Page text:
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processes of production are almost excessively represented: the field of computer graphics and computer animation. Here, ‘showing making’ has even been defined as a separate genre, the making-of. As a genre the making-of is much older than computer graphics, but through the use of digital image manipulation in film, it has gained tremendously in popularity (Hight 2005). This is due to the new form of image creation. Artificially created photo- and hyper-realistic images captivate viewers because they have no indexical equivalent in the real world. Things, people, places that never existed, or do not exist anymore (e.g. dinosaurs), and events that never took place or are impossible to film in the real world may be visualised with the help of a computer (cf. Jones 1989, Moskovich 2002). As such, these spectacular visuals seem to undermine the paradigm of indexicality associated with photography and film.5 A way to appeal to the fascination and apprehension caused by computer graphics is to show how these images were generated. This can be for explanatory as well as commercial reasons. In a traditional making-of, the viewer gets a peek ‘behind the scenes’, listens to the director’s erudite commentary, watches actors being interviewed on the set and witnesses hilarious bloopers. The making-of of computer-animated scenes looks rather different. It is much more static. Most of the time we see animators or technicians sitting in front of computers, displaying skilful manipulation of tools and digital materials while the images they create come into being on a screen. Glancing over the shoulder of computer wizards, we might witness the different stages of a spectacular stunt, like the ‘bullet time’ effect in the Matrix Trilogy (Wachowsky Brothers 1999-2002) or the building of an underwater anemone in Finding Nemo (Stanton and Unkrich 2003) on its way to photorealism, from wire-frame animation to a full-coloured and shaded sequence. The formal set up of these making-ofs bears a close resemblance to the iconography of the atelier scenes discussed above. The genre also answers to the same visual paradox. Practice is displayed without giving away the secret of the actual ‘how to’. Showing the computer animator at the screen does not deconstruct visual illusion. If this were the case, we would probably not enjoy watching making-ofs. Yet, regardless of their promise to reveal the making of illusion, the genre does not destroy but rather enhances the pleasure of looking. Part of this pleasure is achieved because we learn about the amount of work and skill invested in the creation of illusionist imagery. This knowledge causes the viewer to admire the dexterity and competence of the maker(s). Knowing how much effort has been invested in its creation might also heighten the desire to become immersed in the image (Hediger 2005). Moreover, the stimulation of awe is of economic value as the making-of is a way to display the power to shape technology (‘only we can create these images’).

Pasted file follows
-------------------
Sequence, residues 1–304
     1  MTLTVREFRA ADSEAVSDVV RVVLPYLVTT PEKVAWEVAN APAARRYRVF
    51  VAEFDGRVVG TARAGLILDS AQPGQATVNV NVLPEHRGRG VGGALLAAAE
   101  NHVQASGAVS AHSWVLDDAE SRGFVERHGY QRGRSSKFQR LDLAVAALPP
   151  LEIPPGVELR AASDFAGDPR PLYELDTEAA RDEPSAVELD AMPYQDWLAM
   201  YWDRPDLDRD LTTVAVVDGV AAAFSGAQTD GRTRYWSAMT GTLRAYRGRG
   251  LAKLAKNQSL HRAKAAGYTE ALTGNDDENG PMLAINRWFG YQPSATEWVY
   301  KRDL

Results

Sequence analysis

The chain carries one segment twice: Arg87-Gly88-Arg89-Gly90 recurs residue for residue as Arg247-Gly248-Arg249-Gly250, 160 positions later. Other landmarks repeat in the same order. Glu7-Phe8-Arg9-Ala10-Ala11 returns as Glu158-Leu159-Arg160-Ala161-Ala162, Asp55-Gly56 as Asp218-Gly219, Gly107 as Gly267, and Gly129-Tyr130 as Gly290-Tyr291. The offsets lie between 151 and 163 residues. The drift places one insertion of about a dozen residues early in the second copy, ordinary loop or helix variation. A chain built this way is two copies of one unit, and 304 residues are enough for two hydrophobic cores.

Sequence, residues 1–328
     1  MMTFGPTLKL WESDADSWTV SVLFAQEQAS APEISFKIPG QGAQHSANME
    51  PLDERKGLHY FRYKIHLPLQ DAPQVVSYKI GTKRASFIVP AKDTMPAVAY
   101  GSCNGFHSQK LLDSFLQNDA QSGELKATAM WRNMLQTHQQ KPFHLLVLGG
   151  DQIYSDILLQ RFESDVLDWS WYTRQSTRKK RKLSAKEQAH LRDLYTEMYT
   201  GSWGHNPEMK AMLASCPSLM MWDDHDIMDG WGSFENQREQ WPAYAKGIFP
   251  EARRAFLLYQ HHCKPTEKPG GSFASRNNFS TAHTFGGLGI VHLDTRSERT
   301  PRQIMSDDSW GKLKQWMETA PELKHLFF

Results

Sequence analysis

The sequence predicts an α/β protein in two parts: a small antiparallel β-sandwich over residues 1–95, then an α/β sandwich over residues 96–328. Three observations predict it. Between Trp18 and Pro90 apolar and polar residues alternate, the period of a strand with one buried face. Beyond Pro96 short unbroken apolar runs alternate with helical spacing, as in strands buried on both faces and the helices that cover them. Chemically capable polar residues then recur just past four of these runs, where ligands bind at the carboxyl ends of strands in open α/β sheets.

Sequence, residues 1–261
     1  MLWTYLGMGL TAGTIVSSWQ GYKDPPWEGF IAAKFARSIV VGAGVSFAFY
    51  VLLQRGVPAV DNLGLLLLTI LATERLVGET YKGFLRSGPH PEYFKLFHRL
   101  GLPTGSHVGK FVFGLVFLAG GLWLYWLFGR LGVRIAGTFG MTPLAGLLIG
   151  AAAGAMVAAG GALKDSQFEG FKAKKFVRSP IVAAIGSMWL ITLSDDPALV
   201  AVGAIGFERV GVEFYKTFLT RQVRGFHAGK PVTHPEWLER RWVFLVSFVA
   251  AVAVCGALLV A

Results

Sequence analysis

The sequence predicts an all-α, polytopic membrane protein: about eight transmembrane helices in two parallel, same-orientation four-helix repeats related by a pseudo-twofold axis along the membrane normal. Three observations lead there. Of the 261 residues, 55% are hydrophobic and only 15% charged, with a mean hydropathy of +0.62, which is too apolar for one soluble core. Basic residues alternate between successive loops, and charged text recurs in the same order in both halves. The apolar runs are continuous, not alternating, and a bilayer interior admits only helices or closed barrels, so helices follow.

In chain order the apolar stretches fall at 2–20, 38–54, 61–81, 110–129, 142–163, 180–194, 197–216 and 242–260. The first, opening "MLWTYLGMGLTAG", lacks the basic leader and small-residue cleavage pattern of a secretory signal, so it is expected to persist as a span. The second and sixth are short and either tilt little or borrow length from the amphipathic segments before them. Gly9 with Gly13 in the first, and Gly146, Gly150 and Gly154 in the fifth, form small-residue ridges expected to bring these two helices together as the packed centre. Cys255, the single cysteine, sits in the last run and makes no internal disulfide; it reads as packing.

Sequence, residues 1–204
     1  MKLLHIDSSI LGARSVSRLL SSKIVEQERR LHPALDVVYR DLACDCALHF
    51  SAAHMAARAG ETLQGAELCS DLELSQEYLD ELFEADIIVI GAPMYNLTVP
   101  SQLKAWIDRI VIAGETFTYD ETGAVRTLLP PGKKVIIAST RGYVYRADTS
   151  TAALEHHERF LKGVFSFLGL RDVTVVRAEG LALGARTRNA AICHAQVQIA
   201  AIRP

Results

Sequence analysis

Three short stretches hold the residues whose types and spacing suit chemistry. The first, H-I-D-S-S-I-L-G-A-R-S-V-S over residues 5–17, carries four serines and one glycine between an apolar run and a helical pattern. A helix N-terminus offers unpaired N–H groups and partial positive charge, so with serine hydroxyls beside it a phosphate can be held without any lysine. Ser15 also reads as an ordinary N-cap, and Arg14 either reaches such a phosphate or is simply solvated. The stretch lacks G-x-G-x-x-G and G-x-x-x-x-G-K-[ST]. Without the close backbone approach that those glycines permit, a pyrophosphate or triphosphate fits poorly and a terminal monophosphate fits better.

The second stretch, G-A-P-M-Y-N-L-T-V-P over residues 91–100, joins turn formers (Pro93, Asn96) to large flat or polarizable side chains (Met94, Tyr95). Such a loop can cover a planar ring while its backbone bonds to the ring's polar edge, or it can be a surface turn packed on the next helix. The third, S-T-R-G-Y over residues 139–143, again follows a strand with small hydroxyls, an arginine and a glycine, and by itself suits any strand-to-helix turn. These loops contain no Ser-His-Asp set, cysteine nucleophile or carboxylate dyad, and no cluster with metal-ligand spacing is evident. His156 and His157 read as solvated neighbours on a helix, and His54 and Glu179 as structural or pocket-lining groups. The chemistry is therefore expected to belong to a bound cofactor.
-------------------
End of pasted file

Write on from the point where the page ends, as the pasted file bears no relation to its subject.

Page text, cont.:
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Hidden practice
Although a fixed mode to represent practice does exist, new media artists generally do not use the making-of to reflect on their practice. This might be for a number of reasons, such as the commercial aspect and the predetermined appearance of the genre. But predominantly, an artist might not employ the visual strategies of the making-of because it is so closely tied to the creation of photorealist or at least figurative imagery. This is also the reason why the making-of can seamlessly tie back into the visual vocabulary of the painter in front of the easel. Mimicking reality and creating visual illusion profits by showing or showing off practice, be it in the 16th or in the 21st century. Yet today’s new media creative practices encompass infinitely more strategies than the representation of realistic computer-generated imagery. Artists who operate within this set of paradigms seem to prefer not to represent themselves (at work) at all. To summarise, the process of artistic practice seems to be rendered invisible by a variety of factors: the metaphor of the laboratory; the difficulties in describing and visualising the procedures of data programming; the hybridisation of creative space; and the multiplicity of artistic practice within this space. Practice itself does become visible, but only in certain instances, dissociated from the artist. It appears in the digital tools mimicking analogue predecessors, in digital materials like software and data, or in interactive art-works engaging the viewer/user. However, the embodied representation of the artist at work only resurfaces when creative practice remediates traditional modes of art making, like the affirmative creation of realities in computer graphics and animation. Two conclusions are possible. Either the representation of artists at work has become obsolete in new media art practice and the mystification of artistic creation has finally been discarded, or the representation of practice has become just as hybridised as the space in which it takes place. It has been shown above that the representation of practice can mystify or even fetishize the creative act. At the same time, ‘showing making’ counteracts mystification because it can reveal the intricate interactions between actors, technologies, tools and materials, making artistic creation and visualising procedures comprehensible. As such, the potential of the genre is much too exciting to be abandoned. Most likely, creative practice in the digital domain is still in search of representation.